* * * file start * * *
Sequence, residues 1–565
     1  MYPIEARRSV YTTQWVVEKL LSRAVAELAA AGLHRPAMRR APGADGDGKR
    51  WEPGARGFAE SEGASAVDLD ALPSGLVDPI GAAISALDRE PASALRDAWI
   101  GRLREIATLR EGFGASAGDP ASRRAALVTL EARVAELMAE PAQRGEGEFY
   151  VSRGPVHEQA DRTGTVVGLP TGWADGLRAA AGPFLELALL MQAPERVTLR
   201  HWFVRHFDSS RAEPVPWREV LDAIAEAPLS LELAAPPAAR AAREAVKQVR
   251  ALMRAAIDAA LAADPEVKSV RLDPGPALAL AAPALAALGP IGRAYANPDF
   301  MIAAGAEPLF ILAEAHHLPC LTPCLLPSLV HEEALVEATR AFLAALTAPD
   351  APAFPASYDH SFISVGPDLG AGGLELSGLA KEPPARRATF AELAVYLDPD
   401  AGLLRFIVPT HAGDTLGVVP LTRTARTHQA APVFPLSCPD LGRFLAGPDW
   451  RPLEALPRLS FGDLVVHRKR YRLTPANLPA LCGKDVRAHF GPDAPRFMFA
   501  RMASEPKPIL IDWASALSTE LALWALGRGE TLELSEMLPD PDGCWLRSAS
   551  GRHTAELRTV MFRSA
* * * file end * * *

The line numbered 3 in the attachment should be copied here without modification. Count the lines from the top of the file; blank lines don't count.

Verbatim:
    51  WEPGARGFAE SEGASAVDLD ALPSGLVDPI GAAISALDRE PASALRDAWI